Source: Wikipedia, the free encyclopedia.

A hormone (from the


Hormones are used to communicate between

growth and development, movement, reproduction, and mood manipulation.[2][3][4] In plants, hormones modulate almost all aspects of development, from germination to senescence.[5]

Hormones affect distant cells by binding to specific

nuclear) to act within their nuclei. Brassinosteroids, a type of polyhydroxysteroids, are a sixth class of plant hormones and may be useful as an anticancer drug for endocrine-responsive tumors to cause apoptosis and limit plant growth. Despite being lipid soluble, they nevertheless attach to their receptor at the cell surface.[7]

In vertebrates,

interstitial spaces
to nearby target tissue.

Plants lack specialized organs for the secretion of hormones, although there is spatial distribution of hormone production. For example, the hormone auxin is produced mainly at the tips of young leaves and in the shoot apical meristem. The lack of specialised glands means that the main site of hormone production can change throughout the life of a plant, and the site of production is dependent on the plant's age and environment.[9]

Introduction and overview

Hormonal signaling involves the following steps:[10]

  1. Biosynthesis of a particular hormone in a particular tissue.
  2. Storage and
    of the hormone.
  3. Transport of the hormone to the target cell(s).
  4. Recognition of the hormone by an
    intracellular receptor
  5. Relay and amplification of the received hormonal signal via a
    negative feedback loop
  6. Breakdown of the hormone.

Hormone producing cells are found in the

oversimplification of the hormonal signaling process. Cellular recipients of a particular hormonal signal may be one of several cell types that reside within a number of different tissues, as is the case for insulin, which triggers a diverse range of systemic physiological effects. Different tissue types may also respond differently to the same hormonal signal.[citation needed


Arnold Adolph Berthold (1849)

chemical in the testes being secreted is causing this phenomenon. It was later identified that this factor was the hormone testosterone.[12][13]

Charles and Francis Darwin (1880)

Although known primarily for his work on the Theory of Evolution, Charles Darwin was also keenly interested in plants. Through the 1870s, he and his son Francis studied the movement of plants towards light. They were able to show that light is perceived at the tip of a young stem (the coleoptile), whereas the bending occurs lower down the stem. They proposed that a 'transmissible substance' communicated the direction of light from the tip down to the stem. The idea of a 'transmissible substance' was initially dismissed by other plant biologists, but their work later led to the discovery of the first plant hormone.[14] In the 1920s Dutch scientist Frits Warmolt Went and Russian scientist Nikolai Cholodny (working independently of each other) conclusively showed that asymmetric accumulation of a growth hormone was responsible for this bending. In 1933 this hormone was finally isolated by Kögl, Haagen-Smit and Erxleben and given the name 'auxin'.[14][15][16]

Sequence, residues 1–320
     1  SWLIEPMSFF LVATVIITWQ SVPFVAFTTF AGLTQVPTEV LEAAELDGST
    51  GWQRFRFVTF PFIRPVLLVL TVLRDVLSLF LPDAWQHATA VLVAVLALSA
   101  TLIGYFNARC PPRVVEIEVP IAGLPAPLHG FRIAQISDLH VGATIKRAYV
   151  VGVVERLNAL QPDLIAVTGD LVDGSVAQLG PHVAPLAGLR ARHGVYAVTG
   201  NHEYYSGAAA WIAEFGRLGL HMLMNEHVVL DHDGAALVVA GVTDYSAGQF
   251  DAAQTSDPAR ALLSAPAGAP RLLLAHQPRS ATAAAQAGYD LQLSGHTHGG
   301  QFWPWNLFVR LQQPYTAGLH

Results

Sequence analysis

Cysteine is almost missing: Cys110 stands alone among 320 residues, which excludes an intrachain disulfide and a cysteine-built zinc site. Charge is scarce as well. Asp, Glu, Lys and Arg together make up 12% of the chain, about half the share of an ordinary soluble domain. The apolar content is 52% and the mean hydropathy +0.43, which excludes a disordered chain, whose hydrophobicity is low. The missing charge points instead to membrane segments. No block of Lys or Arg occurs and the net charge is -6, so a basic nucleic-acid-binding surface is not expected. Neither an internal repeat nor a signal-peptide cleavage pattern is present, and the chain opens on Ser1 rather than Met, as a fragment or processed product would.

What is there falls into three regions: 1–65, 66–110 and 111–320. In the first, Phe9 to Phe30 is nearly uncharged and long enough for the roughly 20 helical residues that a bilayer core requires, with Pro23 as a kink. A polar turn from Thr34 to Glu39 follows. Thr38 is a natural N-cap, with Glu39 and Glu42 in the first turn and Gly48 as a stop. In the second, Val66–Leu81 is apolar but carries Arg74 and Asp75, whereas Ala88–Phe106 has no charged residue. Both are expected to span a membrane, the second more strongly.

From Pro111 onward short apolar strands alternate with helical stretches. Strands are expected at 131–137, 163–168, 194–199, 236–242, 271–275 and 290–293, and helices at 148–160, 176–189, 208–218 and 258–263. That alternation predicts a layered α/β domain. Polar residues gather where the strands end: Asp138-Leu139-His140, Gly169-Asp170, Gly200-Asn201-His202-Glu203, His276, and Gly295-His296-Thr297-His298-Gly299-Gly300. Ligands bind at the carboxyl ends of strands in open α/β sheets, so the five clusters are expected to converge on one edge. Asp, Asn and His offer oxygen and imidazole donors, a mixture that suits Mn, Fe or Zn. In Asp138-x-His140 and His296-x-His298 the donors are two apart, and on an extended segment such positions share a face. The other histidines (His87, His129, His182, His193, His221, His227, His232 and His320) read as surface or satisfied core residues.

Oliver and Schäfer (1894)

British physician George Oliver` and physiologist Edward Albert Schäfer, professor at University College London, collaborated on the physiological effects of adrenal extracts. They first published their findings in two reports in 1894, a full publication followed in 1895.[17][18] Though frequently falsely attributed to secretin, found in 1902 by Bayliss and Starling, Oliver and Schäfer's adrenal extract containing adrenaline, the substance causing the physiological changes, was the first hormone to be discovered. The term hormone would later be coined by Starling.[19]